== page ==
Current Progressive Dairy digital edition

Signing off, for now

Progressive Dairy Editor Emily Gwin Published on 24 November 2021

By the time this issue hits mailboxes, my husband and I will have, the Lord willing, settled in at home with our third baby girl. Especially compared to the journey we went through with our second daughter, this pregnancy was mostly uneventful – until I was hospitalized with COVID-19 for a week in September.

During our fifth wedding anniversary. And because of which we had to cancel the maiden voyage we had planned with our 1987 motorhome. I know I’m whining, but I don’t take for granted how blessed we are that my experience was as short-lived as it was. Despite the extra medical bills coming in and the additional monitoring for the baby we went through for six weeks, I know our brush with this unpredictable virus could have been much, much worse.



Being without my family for a week gave me a lot of time to think about how I wanted to spend my time once our little one joined our family. After we found out we were expecting No. 3, my plan had already been to cut back hours at work, allowing me more time to spend with all three girls and opening my schedule to better handle the appointments and therapies for our second daughter. After I recovered, I began to transition most of my current workload to fellow co-workers. While I plan to still help out as needed for a couple of hours each month, I’ll likely have much less to do with the production of the magazine.

During my hospital stay, I also did a lot of reminiscing about my time at this company. I stepped off the plane in the fall of 2009, eager to begin my new job but ill-prepared for the bitter cold wind slicing through me and the snow flurries flying through the air. During my internship the summer prior, seemingly every day had been bone dry and 80 degrees or above, so I just assumed I’d be fine to box up and send all of my winter clothes and jackets after I had moved in. Luckily, the warm welcome I received from co-workers was enough to assuage my feelings that I had made a mistake in moving across the country for 18 months. I moved back to Pennsylvania in 2010 to work from home. I had the best of both worlds – a career I loved with the encouragement and training to develop my skills while still being close enough to home to experience the babyhood days of my nieces and nephew.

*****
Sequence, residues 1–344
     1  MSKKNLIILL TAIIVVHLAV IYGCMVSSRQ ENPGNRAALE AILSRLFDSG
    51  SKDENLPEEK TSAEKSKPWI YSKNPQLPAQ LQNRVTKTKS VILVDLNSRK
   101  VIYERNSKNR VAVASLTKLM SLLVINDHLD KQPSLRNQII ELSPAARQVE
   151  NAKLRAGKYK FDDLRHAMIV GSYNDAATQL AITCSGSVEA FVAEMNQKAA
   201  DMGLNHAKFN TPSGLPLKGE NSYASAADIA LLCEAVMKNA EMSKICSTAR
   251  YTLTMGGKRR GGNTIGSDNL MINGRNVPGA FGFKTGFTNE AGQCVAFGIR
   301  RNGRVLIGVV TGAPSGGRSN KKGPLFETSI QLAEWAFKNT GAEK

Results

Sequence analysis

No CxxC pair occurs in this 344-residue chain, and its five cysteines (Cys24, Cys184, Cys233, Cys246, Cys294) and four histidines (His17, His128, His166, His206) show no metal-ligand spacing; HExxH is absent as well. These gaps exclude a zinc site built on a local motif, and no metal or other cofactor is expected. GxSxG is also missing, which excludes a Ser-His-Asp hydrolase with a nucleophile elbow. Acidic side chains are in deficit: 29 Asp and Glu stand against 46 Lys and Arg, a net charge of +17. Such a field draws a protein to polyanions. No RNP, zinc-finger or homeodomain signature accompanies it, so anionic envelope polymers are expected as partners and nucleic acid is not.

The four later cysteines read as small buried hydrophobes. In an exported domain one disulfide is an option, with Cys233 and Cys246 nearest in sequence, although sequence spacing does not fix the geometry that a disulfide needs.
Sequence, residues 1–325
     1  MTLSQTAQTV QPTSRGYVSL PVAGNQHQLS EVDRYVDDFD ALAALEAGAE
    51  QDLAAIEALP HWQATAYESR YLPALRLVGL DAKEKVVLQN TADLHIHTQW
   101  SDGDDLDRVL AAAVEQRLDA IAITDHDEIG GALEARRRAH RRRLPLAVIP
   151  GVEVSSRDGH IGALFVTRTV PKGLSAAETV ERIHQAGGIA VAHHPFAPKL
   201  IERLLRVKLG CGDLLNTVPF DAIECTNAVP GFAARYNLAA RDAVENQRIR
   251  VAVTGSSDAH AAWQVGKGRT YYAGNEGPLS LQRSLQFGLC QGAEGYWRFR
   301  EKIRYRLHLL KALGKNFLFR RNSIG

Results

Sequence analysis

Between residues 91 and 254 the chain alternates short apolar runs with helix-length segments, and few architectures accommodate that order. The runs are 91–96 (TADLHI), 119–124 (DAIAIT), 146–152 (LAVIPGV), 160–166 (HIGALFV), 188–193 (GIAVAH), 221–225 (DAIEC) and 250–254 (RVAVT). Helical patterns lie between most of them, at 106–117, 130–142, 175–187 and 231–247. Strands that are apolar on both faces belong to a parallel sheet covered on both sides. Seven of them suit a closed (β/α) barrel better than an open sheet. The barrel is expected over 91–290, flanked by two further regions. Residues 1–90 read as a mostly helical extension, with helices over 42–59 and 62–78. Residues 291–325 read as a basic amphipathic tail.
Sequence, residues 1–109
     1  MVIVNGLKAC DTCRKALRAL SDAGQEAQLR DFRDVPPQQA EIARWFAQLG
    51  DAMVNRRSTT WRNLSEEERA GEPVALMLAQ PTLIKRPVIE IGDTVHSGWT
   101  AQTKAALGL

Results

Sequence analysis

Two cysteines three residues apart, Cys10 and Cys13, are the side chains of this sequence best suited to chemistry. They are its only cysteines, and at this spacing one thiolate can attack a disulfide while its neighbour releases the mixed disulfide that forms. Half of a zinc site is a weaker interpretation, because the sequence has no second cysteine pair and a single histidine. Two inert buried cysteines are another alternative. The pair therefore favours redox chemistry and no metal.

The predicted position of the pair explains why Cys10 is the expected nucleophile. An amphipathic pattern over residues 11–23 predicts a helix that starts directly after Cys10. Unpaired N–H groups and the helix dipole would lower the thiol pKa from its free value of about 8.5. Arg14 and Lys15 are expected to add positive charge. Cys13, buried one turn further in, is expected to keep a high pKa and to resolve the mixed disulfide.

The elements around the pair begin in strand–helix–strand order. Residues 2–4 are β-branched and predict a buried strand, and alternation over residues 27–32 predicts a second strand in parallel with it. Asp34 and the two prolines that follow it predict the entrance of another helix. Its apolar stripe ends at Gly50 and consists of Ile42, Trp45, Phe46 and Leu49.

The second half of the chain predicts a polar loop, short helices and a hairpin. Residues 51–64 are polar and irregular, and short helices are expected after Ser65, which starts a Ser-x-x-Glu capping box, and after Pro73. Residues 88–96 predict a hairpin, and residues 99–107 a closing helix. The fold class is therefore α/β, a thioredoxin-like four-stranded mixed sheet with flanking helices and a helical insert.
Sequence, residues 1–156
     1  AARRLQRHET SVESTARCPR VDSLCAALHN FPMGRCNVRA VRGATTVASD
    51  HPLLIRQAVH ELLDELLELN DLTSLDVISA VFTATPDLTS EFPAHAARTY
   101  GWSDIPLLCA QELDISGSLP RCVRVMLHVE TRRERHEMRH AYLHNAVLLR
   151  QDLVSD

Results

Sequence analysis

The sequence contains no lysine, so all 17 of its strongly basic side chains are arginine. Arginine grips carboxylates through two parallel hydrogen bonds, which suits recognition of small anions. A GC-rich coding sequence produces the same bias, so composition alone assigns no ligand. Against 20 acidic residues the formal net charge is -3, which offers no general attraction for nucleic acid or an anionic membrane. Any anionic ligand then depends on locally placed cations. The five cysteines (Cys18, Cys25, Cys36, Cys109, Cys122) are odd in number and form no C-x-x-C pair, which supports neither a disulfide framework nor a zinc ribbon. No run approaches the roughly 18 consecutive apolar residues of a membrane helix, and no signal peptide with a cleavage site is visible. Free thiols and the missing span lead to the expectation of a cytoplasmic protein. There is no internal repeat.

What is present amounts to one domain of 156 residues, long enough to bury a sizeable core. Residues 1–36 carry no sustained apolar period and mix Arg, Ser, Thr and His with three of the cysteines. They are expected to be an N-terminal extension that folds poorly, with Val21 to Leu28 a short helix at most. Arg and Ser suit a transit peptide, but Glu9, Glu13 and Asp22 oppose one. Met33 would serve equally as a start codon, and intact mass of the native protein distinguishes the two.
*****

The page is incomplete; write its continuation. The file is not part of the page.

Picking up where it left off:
Up until I went to part-time work with my oldest daughter in 2017, I greatly enjoyed the opportunities to travel in this role – to places like Texas and California and even internationally to Singapore and Vietnam. But my favorite place to visit was always Idaho, returning once or twice a year for company meetings and training (pre-pandemic, obviously). It always felt like I was coming home.

So in what is likely my final column for the magazine and the company that has treated me so well and shaped most of my 20s, I want to extend a word of thanks.

Thank you to my fellow editors who have served as mentors, sounding boards and devil’s advocates when needed (looking at you especially, Karen Lee). Thank you to the rest of the team at Progressive Publishing, who have always cared for me and about me and my family. I so deeply felt your prayers and support during some of our toughest days and weeks.


Thank you to my parents – who were even more nervous than me about me taking this job so far away but have always supported me and read every single editorial I’ve written. Thank you to my husband who saw how much this work has meant to me and did his best to pick up the slack with the girls as I finished writing said editorials or proofed pages. And thank you to my girls, who mostly behaved during Zoom meetings these past couple of years. I can’t wait to watch you three chase your own dreams.

And thank you, Progressive Dairy readers. Thank you for your emails and notes of encouragement throughout these 12 years. Thank you for opening up your farms and for engaging in conversation with me on bus tours and at dairy conferences. Thank you for allowing me to help share your story, and thank you for following along with mine. I will be forever grateful for this industry and the people in it. God bless you all and Merry Christmas.  end mark

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